Essay on Techniques Used in the Great Gatsby

1421 Words Apr 2nd, 2013 6 Pages
Fitzgerald, F. Scott. The Great Gatsby. Britain: Penguin, 1926.

1. Point of view – the view or perspective of how the story is narrated (i.e first person)

“Only Gatsby, the man who gives his name to this book, was exempt from my reaction – Gatsby, who represented everything for which I have an unaffected scorn.” (pg. 8)

• This novel is narrated from a first person point of view. Nick Carraway is both a narrator and a character participant in the story. Seen that this novel is mostly about Jay Gatsby and how what happens to his life is narrated to represent general themes, there could be no other narrator than the character who is Gatsby’s neighbor, and someone who declares to be free of any preconceptions or
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6. Mispronunciation – when words or full sentences are written exactly as they sound to emphasize the tone and profile of the character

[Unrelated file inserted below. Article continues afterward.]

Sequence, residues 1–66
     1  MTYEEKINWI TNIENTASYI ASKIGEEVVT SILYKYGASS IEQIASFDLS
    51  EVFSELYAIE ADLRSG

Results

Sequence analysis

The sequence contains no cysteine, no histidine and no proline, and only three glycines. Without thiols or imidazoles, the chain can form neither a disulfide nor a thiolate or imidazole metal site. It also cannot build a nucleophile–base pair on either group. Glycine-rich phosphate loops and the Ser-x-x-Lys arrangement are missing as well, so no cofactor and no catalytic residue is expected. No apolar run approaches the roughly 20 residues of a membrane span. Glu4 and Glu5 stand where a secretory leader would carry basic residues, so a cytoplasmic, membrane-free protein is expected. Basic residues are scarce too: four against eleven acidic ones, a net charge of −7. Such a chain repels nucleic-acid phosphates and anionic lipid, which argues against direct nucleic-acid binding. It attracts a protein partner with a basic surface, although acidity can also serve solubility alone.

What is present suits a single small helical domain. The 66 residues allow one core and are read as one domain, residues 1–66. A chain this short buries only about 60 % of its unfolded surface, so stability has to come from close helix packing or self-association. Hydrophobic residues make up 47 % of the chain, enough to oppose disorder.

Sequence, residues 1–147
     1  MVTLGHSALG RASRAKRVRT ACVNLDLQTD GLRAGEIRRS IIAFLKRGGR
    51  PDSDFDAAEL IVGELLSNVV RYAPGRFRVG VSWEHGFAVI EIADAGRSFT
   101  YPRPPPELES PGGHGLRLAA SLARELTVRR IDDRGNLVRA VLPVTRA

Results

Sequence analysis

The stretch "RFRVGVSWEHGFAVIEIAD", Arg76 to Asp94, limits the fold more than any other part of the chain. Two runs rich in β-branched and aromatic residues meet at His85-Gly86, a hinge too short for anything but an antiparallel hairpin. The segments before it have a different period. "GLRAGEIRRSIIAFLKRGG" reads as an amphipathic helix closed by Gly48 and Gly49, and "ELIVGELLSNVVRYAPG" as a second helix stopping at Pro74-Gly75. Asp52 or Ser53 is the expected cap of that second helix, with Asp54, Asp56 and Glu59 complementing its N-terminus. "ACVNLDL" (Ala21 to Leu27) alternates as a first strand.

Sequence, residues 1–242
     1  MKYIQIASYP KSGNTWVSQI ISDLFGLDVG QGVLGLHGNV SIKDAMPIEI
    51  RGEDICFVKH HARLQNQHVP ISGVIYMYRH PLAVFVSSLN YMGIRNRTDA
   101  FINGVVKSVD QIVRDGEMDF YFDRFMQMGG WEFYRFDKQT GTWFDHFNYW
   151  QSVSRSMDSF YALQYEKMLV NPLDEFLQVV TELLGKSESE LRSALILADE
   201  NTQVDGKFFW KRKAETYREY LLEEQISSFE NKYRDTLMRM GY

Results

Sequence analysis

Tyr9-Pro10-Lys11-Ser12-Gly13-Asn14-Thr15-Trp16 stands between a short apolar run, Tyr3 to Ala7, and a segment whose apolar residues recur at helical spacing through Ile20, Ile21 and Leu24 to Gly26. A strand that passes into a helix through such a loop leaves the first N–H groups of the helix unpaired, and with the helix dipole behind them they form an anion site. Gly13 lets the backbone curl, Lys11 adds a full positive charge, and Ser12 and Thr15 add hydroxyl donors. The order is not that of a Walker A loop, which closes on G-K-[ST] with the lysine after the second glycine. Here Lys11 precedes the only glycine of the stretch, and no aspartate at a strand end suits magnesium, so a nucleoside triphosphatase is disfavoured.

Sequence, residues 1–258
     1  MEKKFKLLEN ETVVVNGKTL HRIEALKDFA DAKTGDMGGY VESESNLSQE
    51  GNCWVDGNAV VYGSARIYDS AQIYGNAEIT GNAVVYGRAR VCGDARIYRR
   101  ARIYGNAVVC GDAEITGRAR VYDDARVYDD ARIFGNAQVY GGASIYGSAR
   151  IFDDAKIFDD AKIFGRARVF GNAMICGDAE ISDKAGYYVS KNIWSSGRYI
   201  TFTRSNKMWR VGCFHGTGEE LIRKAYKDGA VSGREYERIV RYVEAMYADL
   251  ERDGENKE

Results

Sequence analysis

“Oh, my Ga-od! Oh, my Ga-od! Oh, my Ga-od! Oh, my Ga-od!”


“What you want, fella?”

“What happened? – that’s what I want to know.”

“Auto hit her. Ins’antly killed.”

“Instantly killed,” repeated Tom, staring.

“She ran out ina road. Son-of-a-bitch didn’t even stopus car.” (pg. 145-146)

• Being a realistic novel, Fitzgerald compromises to every small detail of reality. In this example, readers can easily see the difference in accent and pronunciation of the three people having a dialogue. The officer, being from a lower social class, and therefore imaginably less educated, skips sounds when he says certain words such as “ins’antly” instead of instantly, “fella” instead of fellow and “stopus” instead of stopped. With these mispronunciations Fitzgerald enables a brief and careless speech. Wilson’s quote (“Oh, my Ga-od!”) also tells a lot about the character and justifies the murder by the end of the book. He is also part of the rough, low class, uneducated, and in this case angry and desperate. The officer and Wilson stand as contrast to Tom who presents a complete and fluent speech that proves that his wealth bought him education.

7. Repetition – to use

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